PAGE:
Here is another article about self-control with an embedded video showing 4-year olds using distraction to avoid eating the marshmallows.

Botox reduces empathy

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Over a year ago I posted “Body language and the B problem” and about some research by psychologists at Wisconsin-Madison University on the effect of Botox on interpersonal relationships.

This suggested that if you had a Botox treatment your inability to show appropriate emotions, especially sadness or empathy, would be interpreted as a lack of sympathy or interest. More interestingly it said it might actually slow down your own empathetic response.

Now Research at Duke University Fuqua School of Business in North Carolina has confirmed that as well as reducing frown lines Botox reduces a person’s ability to empathise with others. This is important for everyday interactions, particularly at work where we spend most of our time.

Empathy is a key component of emotional intelligence as is managing your emotions but it seems Botox would make you appear to be over-controlling your emotions or that you are lacking in empathy. Already researchers are saying that Generation Me students are 40% less empathetic than they were 20 to 30 years ago.

The Duke University researchers talk about embedded cognition, which is the idea that our bodies reflect the way we think and feel. For example if you see someone in pain you wince and that sends a message to your brain about the pain. (This sounds a bit like the idea of mirror neurons). NB I suspect that this wouldn’t work if you were a psychopath.

The researchers were initially interested in the effect of Botox on romantic relationships and the effect on that when one person has been treated with Botox and becomes less empathetic.

Also the idea that long-married couples start to look alike because they have been copying each other’s facial expressions for so long. (Could the same apply to people who start looking like their pets?)

btw if you are interested in having Botox the trend now is to have preventative Botox before you actually develop any frown lines!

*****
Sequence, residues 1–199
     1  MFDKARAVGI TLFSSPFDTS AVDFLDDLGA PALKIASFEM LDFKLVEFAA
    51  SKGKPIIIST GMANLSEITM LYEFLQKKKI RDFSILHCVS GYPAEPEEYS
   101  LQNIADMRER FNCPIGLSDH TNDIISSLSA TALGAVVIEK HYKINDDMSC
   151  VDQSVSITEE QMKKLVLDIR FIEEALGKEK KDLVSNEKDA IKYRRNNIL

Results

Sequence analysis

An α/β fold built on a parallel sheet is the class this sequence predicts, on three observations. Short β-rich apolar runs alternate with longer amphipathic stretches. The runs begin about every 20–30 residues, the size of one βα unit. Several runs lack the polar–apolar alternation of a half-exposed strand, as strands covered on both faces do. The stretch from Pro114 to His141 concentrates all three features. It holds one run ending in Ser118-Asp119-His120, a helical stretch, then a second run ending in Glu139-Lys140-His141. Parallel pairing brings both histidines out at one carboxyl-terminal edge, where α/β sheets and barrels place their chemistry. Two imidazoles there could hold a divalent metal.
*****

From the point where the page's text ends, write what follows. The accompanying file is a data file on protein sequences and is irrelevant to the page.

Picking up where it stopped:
And now Gender Intelligence

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Following on from IQ (intelligence), EQ (emotional intelligence), CQ (cultural intelligence), and RQ (resilience quotient).

GQ is based on John Gray’s best-selling books comparing men and women to Mars and Venus.

Recent research suggests that men and women aren’t actually that much different after all  (although men tend to have bigger brains than women).

But the test/quiz purports to tell you how much you know about gender differences so that you can be more effective when working with men and women, especially when selling to them.

Of course it’s a pitch for their sales training but it makes you think so it’s worth having a go by clicking here.

Are entrepreneurs intelligent?

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Tomas Chamorro-Premuzic, Associate Professor of psychology at Goldsmiths College, University of London recently posted a blog on Psychology Today about IQ and how it is still the best predictor of success in life, including at school, at work, and in health.

He says that many people however associate high IQs with geeks or nerds and don’t accept how useful it is as a predictor of job performance, particularly since the publication of books on emotional and multiple intelligences.

There is also more knowledge about intelligence now, about the effects of interaction with the environment and competition on IQ scores.

He also acknowledges that much of the research has been carried out on traditional types of jobs, albeit requiring different skills and qualifications.

He is therefore interested in people in non-traditional jobs, the self-employed and entrepreneurs, on which there are few if any studies and who will form an increasingly large proportion of the working population in years to come.